Diversity can bring something special to a story. It can provide a perspective that is unique to a group of people with a shared set of experiences. For the reader that is outside of that experience, it is a window into something that they’ve never been privy to before.
Harper Lee was exceptional at creating characters. In To Kill A Mockingbird, she effectively captured the mood of the American South in the 1930’s. Jem, Scout and Atticus are cozy characters to slip into and their speech patterns and dialogue are authentic, rather than stilted. African American characters are portrayed with depth and infinite understanding of the Jim Crow era. The secret to her success was that the characters were familiar to her. Ms. Lee grew up in a rural town setting and patterned the characters after people that she knew intimately. They weren’t created out of thin air or based upon assumptions.
Does this mean that writers should yammer incessantly about a character’s ethnicity to ensure that the reader doesn’t forget? Absolutely not! Instead, allow the story to reveal itself.
-Select a setting that is appropriate for the story.
-Grant the character time to reflect on past experiences through a comparison to the present situation.
-Include a few foreign words into the dialogue with a translation, where appropriate.
-Minimize the use of slang, unless you are confident that it is being used in context and can be conveyed in a manner that isn’t disruptive or offensive to the reader.
- Connect a story to culture through the use of appropriate clothing, poetry, music, dance, history, scent and food references.
-Use psychology. Allow your character to be injured or scarred by their past experiences.
-Allow your character to laugh at his or her culture. We all laugh at ourselves from time to time.
-Consider addressing widely held biases about the culture. The origin of a stereotype can be interesting to explore and a writer is in the unique position of educating a captive audience.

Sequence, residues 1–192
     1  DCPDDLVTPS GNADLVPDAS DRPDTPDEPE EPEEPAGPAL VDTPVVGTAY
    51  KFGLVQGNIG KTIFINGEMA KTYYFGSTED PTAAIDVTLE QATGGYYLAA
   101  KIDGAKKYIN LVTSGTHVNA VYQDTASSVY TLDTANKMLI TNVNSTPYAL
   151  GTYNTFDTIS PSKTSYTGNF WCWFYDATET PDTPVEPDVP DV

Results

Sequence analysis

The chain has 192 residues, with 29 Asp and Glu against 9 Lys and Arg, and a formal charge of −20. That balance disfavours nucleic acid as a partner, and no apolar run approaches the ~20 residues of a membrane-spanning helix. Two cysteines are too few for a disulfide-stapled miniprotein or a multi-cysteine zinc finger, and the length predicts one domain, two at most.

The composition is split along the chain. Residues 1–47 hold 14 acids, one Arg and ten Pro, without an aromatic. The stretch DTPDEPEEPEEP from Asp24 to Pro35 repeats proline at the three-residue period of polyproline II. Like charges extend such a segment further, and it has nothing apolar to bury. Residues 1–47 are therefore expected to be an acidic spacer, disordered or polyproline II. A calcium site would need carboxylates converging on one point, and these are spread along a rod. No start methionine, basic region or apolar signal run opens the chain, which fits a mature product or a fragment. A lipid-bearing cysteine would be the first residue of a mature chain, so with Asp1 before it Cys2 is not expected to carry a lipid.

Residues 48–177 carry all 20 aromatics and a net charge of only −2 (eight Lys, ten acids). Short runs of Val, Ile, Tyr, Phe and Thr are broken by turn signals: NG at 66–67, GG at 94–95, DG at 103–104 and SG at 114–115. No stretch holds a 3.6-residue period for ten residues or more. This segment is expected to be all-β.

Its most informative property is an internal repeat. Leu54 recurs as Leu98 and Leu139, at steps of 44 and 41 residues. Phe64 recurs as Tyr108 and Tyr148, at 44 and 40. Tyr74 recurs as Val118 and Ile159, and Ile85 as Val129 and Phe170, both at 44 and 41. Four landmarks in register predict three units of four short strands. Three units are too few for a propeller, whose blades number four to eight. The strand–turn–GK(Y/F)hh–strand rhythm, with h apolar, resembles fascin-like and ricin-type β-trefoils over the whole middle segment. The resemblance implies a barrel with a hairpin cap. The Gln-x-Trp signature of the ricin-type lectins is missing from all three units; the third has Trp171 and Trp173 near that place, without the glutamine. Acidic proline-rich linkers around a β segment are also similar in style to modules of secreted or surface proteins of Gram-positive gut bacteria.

-Accept that your characterization will not be acceptable to all members of the minority group that your character identifies with. Every human on the planet has a unique set of experiences and unless your character was raised in an urban/rural/wealthy/poor/functional/dysfunctional/single parent/dual parent household, you will be unable to please them all!
If you develop the personality before you attempt to write, you will find that a well-rounded character emerges. A character with a “walk-on” role in your book should have a backstory, even if you opt to never write it. Keeping the backstory in mind will assist you in creating well-rounded characters, not caricatures. You might even find that you enjoy your peripheral characters enough to devote a novel to expound on their story at a later date.
When it all comes together, you will be able to effectively nurture a well-developed cast that will keep your readers engaged and clamoring for more.
Carolyn Evans-Dean is a freelance agricultural writer and women’s contemporary novelist from Central New York. She enjoys channeling the voices in her head to bring a unique and diverse cast of characters to her readers. She is currently working feverishly to finish the third installment of the light apocalyptic series, Bystander: A Tale of the End of the World as SHE Knew It! Click the link below to sneak a peek at Bystander on Amazon.com:
You can connect with Carolyn online through the following social media venues where she enthusiastically engages in conversations about agriculture, cooking from scratch, self-sufficiency and common sense emergency preparedness: